Accessible PDF Editor?


Clement Chou
 

Can anyone recommend one? Need it for editing / combining resumes and
cover letters. Thanks.


Quentin Christensen
 

I'd recommend writing in Word and using Word's "Export" function to save as PDF.


On Mon, Feb 1, 2021 at 7:36 AM Clement Chou <chou.clement@...> wrote:
Can anyone recommend one? Need it for editing / combining resumes and
cover letters. Thanks.







--
Quentin Christensen
Training and Support Manager


 

If this is a repeat, I apologize.  The original seems to have disappeared and isn't showing up in the archive.

If you're using Office 2016 or later (possibly 2013 or later) it has a native save in PDF option.
--

Brian - Windows 10 Pro, 64-Bit, Version 20H2, Build 19042  

The depths of denial one can be pushed to by outside forces of disapproval can make you not even recognize yourself to yourself.

       ~ Brian Vogel

 


Clement Chou
 

So word is a viable option then... thanks for letting me know! Does
the same apply for editing them?

On 2/1/21, Brian Vogel <britechguy@gmail.com> wrote:
If this is a repeat, I apologize.  The original seems to have disappeared
and isn't showing up in the archive.

If you're using Office 2016 or later (possibly 2013 or later) it has a
native save in PDF option.
--

Brian - Windows 10 Pro, 64-Bit, Version 20H2, Build 19042

The depths of denial one can be pushed to by outside forces of disapproval
can make you not even recognize yourself to yourself.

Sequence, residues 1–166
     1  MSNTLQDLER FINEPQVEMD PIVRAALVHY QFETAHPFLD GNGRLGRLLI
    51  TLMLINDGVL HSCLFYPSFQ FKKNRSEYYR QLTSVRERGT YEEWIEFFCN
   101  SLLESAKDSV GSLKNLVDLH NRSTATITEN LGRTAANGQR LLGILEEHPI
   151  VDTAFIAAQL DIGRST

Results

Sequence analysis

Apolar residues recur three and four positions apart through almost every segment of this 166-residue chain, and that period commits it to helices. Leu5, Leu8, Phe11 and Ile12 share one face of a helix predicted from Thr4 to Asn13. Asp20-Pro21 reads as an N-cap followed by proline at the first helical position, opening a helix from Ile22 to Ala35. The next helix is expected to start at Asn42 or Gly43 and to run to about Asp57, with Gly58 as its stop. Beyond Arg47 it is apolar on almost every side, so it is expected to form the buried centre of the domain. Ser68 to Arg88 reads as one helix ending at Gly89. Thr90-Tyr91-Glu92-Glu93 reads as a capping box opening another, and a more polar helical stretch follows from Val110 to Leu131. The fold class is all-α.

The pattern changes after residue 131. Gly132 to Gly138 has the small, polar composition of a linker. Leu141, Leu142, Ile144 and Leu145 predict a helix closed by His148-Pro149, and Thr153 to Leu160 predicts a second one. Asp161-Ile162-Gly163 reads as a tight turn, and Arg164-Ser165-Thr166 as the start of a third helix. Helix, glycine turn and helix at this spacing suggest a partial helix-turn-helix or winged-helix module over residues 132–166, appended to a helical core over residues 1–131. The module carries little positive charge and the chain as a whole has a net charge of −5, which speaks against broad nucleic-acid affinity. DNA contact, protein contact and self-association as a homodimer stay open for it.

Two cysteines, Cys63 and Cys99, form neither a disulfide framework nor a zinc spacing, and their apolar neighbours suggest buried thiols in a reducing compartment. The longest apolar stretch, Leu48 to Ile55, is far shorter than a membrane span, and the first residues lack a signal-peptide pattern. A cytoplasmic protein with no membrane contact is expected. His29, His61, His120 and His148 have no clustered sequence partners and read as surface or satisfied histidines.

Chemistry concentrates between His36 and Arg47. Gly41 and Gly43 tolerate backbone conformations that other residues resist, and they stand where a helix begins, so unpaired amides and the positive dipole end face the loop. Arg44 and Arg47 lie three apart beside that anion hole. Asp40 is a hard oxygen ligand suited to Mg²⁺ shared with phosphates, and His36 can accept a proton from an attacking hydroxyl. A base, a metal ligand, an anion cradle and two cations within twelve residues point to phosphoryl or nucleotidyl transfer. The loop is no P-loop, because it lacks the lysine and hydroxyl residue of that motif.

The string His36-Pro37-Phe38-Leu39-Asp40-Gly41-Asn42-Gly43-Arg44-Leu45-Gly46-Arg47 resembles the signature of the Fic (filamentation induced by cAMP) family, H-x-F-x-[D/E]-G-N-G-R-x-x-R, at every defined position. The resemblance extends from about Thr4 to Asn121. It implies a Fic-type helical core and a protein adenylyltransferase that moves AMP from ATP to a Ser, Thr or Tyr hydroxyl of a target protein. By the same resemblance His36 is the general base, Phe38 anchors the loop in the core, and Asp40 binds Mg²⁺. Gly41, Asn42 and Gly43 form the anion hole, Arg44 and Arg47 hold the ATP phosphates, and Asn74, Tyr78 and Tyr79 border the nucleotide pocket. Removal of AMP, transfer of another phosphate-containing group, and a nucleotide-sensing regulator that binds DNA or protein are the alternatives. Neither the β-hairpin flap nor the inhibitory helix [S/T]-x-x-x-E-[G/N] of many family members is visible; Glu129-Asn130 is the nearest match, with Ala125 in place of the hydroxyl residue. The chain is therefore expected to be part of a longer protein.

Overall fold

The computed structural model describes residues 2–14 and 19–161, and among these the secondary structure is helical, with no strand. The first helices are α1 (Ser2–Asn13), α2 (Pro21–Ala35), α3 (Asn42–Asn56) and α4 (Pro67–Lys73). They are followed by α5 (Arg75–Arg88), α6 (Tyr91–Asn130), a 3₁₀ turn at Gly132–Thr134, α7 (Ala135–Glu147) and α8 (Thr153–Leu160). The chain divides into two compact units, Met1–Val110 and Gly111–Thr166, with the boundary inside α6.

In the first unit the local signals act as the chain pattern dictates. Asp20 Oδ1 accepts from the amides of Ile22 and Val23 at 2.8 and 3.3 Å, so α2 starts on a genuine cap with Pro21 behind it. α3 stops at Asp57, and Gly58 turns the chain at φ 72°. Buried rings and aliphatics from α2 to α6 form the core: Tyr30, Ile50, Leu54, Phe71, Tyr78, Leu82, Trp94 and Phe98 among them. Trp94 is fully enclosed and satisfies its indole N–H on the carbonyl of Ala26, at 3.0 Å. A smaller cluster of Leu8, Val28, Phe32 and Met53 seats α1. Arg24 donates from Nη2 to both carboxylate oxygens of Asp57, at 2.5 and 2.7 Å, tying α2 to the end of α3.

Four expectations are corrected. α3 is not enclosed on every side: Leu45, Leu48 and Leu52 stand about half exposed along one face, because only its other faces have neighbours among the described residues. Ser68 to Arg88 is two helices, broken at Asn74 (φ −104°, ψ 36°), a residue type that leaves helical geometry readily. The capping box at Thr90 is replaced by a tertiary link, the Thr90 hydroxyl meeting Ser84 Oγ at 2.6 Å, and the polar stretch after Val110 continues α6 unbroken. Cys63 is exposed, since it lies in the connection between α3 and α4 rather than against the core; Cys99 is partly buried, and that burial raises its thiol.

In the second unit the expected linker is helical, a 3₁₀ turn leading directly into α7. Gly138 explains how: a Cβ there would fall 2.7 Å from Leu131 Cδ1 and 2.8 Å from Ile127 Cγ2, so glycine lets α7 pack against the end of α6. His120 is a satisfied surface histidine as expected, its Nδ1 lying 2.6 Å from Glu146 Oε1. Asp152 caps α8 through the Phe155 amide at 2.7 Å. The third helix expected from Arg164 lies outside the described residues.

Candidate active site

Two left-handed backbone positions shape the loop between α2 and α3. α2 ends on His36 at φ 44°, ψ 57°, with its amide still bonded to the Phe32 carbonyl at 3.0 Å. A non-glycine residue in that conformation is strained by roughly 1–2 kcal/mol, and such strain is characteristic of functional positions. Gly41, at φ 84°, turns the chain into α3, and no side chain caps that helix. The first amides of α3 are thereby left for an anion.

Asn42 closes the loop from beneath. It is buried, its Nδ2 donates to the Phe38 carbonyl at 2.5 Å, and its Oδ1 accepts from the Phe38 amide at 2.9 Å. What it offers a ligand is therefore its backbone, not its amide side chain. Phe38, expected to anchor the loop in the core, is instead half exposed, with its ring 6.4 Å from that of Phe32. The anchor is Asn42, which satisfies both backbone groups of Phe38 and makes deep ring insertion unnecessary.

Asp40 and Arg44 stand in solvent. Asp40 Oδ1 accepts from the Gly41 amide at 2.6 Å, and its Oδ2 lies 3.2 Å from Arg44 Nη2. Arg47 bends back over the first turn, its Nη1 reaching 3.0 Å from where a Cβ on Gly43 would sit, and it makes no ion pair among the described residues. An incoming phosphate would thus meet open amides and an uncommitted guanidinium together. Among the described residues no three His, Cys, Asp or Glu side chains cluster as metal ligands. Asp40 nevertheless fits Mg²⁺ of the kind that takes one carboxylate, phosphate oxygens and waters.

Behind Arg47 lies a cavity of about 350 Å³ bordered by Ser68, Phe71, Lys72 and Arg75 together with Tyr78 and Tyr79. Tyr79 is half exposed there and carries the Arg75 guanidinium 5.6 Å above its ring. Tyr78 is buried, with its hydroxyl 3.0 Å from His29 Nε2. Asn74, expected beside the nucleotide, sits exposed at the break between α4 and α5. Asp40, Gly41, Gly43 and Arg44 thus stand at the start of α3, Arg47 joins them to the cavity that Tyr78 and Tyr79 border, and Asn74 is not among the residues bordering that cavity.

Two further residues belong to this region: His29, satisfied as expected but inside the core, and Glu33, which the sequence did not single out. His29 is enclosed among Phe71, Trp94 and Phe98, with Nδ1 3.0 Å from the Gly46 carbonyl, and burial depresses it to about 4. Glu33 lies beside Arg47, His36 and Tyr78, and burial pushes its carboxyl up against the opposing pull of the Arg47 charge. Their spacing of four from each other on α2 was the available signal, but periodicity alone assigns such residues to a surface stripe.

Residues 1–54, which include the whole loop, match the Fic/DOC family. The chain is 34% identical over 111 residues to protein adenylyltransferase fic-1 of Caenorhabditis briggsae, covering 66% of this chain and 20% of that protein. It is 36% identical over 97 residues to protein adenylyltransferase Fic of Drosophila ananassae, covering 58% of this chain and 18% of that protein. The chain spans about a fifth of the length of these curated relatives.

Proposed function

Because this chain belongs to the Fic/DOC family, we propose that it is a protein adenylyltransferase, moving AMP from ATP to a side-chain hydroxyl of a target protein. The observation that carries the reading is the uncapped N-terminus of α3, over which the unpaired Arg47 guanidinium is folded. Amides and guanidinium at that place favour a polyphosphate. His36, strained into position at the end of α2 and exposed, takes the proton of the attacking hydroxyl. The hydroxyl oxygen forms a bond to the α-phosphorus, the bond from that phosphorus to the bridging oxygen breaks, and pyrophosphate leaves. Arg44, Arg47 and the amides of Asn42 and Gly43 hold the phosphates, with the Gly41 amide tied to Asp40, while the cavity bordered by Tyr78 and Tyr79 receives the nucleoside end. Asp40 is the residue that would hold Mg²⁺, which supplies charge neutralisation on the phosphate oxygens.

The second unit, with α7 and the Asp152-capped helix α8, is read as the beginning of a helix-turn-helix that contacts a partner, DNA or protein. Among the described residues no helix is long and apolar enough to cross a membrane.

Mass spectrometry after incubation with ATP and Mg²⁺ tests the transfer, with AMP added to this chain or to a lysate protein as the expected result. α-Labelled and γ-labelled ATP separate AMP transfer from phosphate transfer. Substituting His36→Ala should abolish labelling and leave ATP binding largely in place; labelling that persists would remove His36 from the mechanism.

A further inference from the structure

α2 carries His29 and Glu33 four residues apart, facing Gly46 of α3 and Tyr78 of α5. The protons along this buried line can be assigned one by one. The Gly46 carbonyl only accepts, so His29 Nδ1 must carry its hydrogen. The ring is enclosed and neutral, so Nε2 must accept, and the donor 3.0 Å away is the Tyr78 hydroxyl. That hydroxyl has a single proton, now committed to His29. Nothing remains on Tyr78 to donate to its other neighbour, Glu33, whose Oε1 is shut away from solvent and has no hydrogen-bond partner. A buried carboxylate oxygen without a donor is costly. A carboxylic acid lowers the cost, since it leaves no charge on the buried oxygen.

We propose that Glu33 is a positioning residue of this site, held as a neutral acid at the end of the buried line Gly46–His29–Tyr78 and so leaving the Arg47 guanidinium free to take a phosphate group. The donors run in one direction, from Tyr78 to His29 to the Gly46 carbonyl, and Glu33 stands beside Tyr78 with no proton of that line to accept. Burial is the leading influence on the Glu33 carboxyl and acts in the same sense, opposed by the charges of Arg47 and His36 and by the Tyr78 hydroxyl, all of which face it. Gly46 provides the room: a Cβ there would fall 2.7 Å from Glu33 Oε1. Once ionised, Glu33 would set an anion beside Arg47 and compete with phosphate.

~ Brian Vogel






 

On Mon, Feb 1, 2021 at 10:28 AM, Clement Chou wrote:
Does
the same apply for editing them?
-
That depends on what you mean.  Word can definitely read in PDF files and convert them for editing, but there are occasions where something may change in the formatting based upon how they were created.

In your case, if this is for what you say it is, you'd just create and edit everything as Word, and save your main source material in MS-Word format.  You'd just need to do a Save As with the latest versions when you want PDF versions of same.  I personally don't like Microsoft's PDF conversions due to size - they tend to turn out much larger than other methods.  I use PDFConverter, which like a great many PDF converters functions as a virtual printer.  You can send any file type to it and it will spit out the PDF equivalent of same.  The resulting PDF file is generally much smaller, too.
 
--

Brian - Windows 10 Pro, 64-Bit, Version 20H2, Build 19042  

The depths of denial one can be pushed to by outside forces of disapproval can make you not even recognize yourself to yourself.

       ~ Brian Vogel

 


Clement Chou
 

Will look into that too. Thanks for the extra tip about PDF converter.

On 2/1/21, Brian Vogel <britechguy@gmail.com> wrote:
On Mon, Feb 1, 2021 at 10:28 AM, Clement Chou wrote:


Does
the same apply for editing them?
-
That depends on what you mean.  Word can definitely read in PDF files and
convert them for editing, but there are occasions where something may change
in the formatting based upon how they were created.

In your case, if this is for what you say it is, you'd just create and edit
everything as Word, and save your main source material in MS-Word format.
You'd just need to do a Save As with the latest versions when you want PDF
versions of same.  I personally don't like Microsoft's PDF conversions due
to size - they tend to turn out much larger than other methods.  I use
PDFConverter, which like a great many PDF converters functions as a virtual
printer.  You can send any file type to it and it will spit out the PDF
equivalent of same.  The resulting PDF file is generally much smaller, too.

--

Brian - Windows 10 Pro, 64-Bit, Version 20H2, Build 19042

The depths of denial one can be pushed to by outside forces of disapproval
can make you not even recognize yourself to yourself.

~ Brian Vogel